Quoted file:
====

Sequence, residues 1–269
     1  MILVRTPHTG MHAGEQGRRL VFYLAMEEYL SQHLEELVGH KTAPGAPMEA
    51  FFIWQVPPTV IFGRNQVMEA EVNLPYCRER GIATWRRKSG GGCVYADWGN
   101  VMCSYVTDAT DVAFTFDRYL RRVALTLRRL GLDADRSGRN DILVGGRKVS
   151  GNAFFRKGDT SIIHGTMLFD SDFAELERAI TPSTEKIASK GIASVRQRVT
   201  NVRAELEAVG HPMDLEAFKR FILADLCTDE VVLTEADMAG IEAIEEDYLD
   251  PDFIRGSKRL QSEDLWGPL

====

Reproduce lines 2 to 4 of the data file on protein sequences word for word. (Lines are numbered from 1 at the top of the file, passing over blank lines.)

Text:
     1  MILVRTPHTG MHAGEQGRRL VFYLAMEEYL SQHLEELVGH KTAPGAPMEA
    51  FFIWQVPPTV IFGRNQVMEA EVNLPYCRER GIATWRRKSG GGCVYADWGN
   101  VMCSYVTDAT DVAFTFDRYL RRVALTLRRL GLDADRSGRN DILVGGRKVS